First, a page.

1 cup unbleached white flour
1 cup cornmeal
2 teaspoons baking powder
3/4 teaspoon salt
1/8 teaspoon cayenne
1 cup milk
2 large eggs
2 large unripe tomatoes, in 1/2-inch slices (about a pound)
A little oil or butter for the pan

well.JPGCombine the flour, cornmeal, baking powder, salt, and cayenne in a medium-sized bowl and stir until well combined. Make a well in the center.

In a separate bowl, beat together the milk and eggs until frothy, and pour this into the well in the center of the flour/cornmeal mixture. Stir until thoroughly combined, but don't overmix.

Core the tomatoes and cut them into 1/2-inch rounds. (Meanwhile begin heating a little oil or melting a little butter in a skillet over medium heat.)

Add the tomato slices to the batter one by one, pushing them around gently with a spoon until they are well coated. Lift them from the batter with the spoon, and add them to the hot skillet. (You might need to spoon a little extra batter on top of each tomato, so no bald spots are peeking through.) Fry on both sides until crispy and golden, and serve hot, topped with sour cream, yogurt, Chipotle Cream, or Chimichurri (see recipe below).

Yield: 4 to 6 servings
Preparation time: 20 to 30 minutes


1 cup (packed) cilantro leaves
1/4 cup (packed) parsley
6 scallions, in 1-inch pieces
1 tablespoon minced fresh oregano (or 1 teaspoon dried oregano)
2 tablespoons Roasted Garlic Paste (see below)
A pinch of cayenne
2 tablespoons red wine vinegarcuisinart.JPG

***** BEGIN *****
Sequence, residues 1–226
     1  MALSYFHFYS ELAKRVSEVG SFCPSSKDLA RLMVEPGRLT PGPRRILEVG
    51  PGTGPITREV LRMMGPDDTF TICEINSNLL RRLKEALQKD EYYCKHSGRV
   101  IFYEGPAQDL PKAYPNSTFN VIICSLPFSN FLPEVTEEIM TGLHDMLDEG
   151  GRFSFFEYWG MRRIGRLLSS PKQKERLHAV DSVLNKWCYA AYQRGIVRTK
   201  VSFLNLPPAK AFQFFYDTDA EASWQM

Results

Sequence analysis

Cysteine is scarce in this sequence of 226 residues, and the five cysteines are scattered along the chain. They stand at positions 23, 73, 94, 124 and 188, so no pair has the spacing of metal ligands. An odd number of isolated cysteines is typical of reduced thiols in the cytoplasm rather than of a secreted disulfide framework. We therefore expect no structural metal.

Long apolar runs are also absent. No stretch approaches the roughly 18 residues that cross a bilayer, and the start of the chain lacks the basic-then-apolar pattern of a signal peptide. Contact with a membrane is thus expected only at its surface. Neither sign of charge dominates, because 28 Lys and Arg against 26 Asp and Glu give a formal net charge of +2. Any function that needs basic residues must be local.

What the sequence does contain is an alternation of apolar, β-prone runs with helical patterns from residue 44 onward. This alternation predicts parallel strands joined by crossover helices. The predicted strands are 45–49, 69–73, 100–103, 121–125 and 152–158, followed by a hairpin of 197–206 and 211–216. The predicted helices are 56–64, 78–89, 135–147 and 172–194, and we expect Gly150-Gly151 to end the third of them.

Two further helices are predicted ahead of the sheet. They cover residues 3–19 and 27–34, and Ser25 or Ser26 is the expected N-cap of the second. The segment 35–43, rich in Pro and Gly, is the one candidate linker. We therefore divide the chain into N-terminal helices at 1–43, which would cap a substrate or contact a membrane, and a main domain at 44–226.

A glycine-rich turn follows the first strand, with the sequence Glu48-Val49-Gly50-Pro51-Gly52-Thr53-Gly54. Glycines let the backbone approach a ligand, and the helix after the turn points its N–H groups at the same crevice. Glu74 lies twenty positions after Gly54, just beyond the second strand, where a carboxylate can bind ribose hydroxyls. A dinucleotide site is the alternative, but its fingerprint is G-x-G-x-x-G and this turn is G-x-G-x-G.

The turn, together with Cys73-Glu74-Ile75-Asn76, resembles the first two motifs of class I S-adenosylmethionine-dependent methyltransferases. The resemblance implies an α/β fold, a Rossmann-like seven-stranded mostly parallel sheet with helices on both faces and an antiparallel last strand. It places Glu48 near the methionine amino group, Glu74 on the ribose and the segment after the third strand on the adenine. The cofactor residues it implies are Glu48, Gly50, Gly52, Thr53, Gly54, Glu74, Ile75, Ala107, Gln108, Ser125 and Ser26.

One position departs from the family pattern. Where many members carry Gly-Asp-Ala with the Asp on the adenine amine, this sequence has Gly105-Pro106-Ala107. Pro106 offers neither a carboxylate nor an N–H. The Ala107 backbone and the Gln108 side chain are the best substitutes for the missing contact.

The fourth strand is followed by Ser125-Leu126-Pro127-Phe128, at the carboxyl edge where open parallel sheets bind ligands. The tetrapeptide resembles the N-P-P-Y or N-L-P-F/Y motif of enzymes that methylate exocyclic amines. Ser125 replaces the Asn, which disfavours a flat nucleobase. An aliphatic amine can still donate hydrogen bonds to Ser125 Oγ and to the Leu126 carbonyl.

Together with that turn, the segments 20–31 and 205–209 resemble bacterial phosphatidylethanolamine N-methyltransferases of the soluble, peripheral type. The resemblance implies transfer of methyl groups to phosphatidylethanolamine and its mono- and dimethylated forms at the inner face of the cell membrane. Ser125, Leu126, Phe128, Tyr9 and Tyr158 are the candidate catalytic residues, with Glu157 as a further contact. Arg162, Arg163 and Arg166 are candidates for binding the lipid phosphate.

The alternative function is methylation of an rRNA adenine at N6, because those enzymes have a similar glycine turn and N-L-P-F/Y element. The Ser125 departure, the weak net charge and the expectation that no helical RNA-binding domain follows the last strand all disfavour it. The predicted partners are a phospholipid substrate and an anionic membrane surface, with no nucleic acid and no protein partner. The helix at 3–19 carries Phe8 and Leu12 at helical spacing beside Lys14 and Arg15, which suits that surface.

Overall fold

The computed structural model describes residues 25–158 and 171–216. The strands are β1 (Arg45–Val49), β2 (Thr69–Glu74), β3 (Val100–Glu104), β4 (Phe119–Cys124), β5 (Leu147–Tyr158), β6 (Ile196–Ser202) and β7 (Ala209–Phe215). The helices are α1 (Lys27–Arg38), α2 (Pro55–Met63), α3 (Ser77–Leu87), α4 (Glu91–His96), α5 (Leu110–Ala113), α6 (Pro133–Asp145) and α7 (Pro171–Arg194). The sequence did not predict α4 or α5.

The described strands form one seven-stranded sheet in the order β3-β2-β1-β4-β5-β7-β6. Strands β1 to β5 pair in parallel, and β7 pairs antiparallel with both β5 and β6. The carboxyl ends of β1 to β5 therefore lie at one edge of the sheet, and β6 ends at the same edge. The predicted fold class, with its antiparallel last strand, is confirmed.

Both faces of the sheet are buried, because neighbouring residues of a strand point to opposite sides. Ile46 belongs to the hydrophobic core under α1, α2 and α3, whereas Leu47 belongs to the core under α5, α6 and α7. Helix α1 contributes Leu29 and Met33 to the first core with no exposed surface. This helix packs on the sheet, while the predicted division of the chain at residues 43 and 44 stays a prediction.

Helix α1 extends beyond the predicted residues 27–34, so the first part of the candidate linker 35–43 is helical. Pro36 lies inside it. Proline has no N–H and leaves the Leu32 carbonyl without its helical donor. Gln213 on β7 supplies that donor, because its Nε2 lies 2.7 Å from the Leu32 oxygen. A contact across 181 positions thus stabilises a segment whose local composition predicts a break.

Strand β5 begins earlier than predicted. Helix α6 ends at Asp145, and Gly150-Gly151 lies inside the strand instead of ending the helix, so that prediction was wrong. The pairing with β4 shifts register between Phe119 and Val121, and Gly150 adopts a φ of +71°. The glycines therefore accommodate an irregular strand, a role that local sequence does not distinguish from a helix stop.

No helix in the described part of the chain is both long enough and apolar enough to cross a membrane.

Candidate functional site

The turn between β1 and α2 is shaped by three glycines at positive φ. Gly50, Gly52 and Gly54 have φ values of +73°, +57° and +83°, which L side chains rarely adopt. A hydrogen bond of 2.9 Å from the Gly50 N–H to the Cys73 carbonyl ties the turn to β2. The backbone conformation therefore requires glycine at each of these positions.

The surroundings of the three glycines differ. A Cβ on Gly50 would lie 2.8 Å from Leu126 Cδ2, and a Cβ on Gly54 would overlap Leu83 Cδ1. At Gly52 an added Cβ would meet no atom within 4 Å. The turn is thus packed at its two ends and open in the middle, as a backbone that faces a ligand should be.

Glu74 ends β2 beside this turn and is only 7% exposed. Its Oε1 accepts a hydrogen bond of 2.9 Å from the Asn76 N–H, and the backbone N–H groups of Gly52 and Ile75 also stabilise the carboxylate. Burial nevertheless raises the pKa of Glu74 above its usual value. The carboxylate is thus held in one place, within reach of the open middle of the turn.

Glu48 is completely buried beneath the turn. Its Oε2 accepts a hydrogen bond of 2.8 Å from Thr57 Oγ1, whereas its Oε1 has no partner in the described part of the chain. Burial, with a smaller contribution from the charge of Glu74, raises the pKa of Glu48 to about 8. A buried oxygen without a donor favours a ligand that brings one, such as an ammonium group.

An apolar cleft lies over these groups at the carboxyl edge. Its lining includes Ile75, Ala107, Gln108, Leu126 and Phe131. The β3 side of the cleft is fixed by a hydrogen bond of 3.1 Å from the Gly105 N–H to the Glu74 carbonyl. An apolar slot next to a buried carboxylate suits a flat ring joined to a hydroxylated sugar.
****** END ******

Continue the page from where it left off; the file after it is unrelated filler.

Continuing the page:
1/8 teaspoon salt
1/8 teaspoon black pepper

1/4 cup extra virgin olive oil

Place the cilantro, parsley, scallions, and oregano in a food processor, and mince very fine. Add the Roasted Garlic Paste, cayenne, vinegar, salt, and pepper, and process to a paste. Drizzle in the oil at the very end, with the food processor still running.

Yield: 1/2 cup (easily doubled)
Preparation time: 10 minutes, after the Roasted Garlic Paste is made.

This keeps for a week or two if stored in a tightly lidded container in the refrigerator. Just use as you would any condiment.

Roasted Garlic Paste plate.JPG

Preheat the oven to 375 degrees. Line a small baking pan with foil. Trim the tips of the garlic, then stand the bulbs upright on the foil. Roast for about 30 minutes, or until the bulb feels soft when gently pressed. (Larger bulbs will take longer to roast.) When cool enough to handle, simply break the bulb into individual cloves, and squeeze out the roasted garlic pulp into a small bowl. (This part will be a little messy, but worth the slight inconvenience.)

Note: You can also roast individual cloves of garlic. Use large ones and don't peel them first. Lightly oil the baking pan, and scatter the cloves on the oiled surface. Roast for only 10 minutes. Cool, and then squeeze out the pulp as in the instructions above.

Et viola!

2 Responsesto “Tomatoes galore”

  1. Jenni says:

    OK, but here's how I do it because it's how my grandma did it: dredge sliced green tomatoes in flour with a bit of salt and pepper and fry it up in a pan with some hot oil. Yum, simple, tangy, without cornmeal's gritty crunch.

  2. Corn Maven says:

    Yum! Sounds delicious too. And very, very easy. Thanks, Jenni!

    Actually I liked the gritty cornmeal crunch, as I do LOVE corn -- in all its manifestations, don'tcha know? ;)

    This recipe was selected because it was more complex and potentially more filling than the traditional recipe(s).

    Let me know if you try it.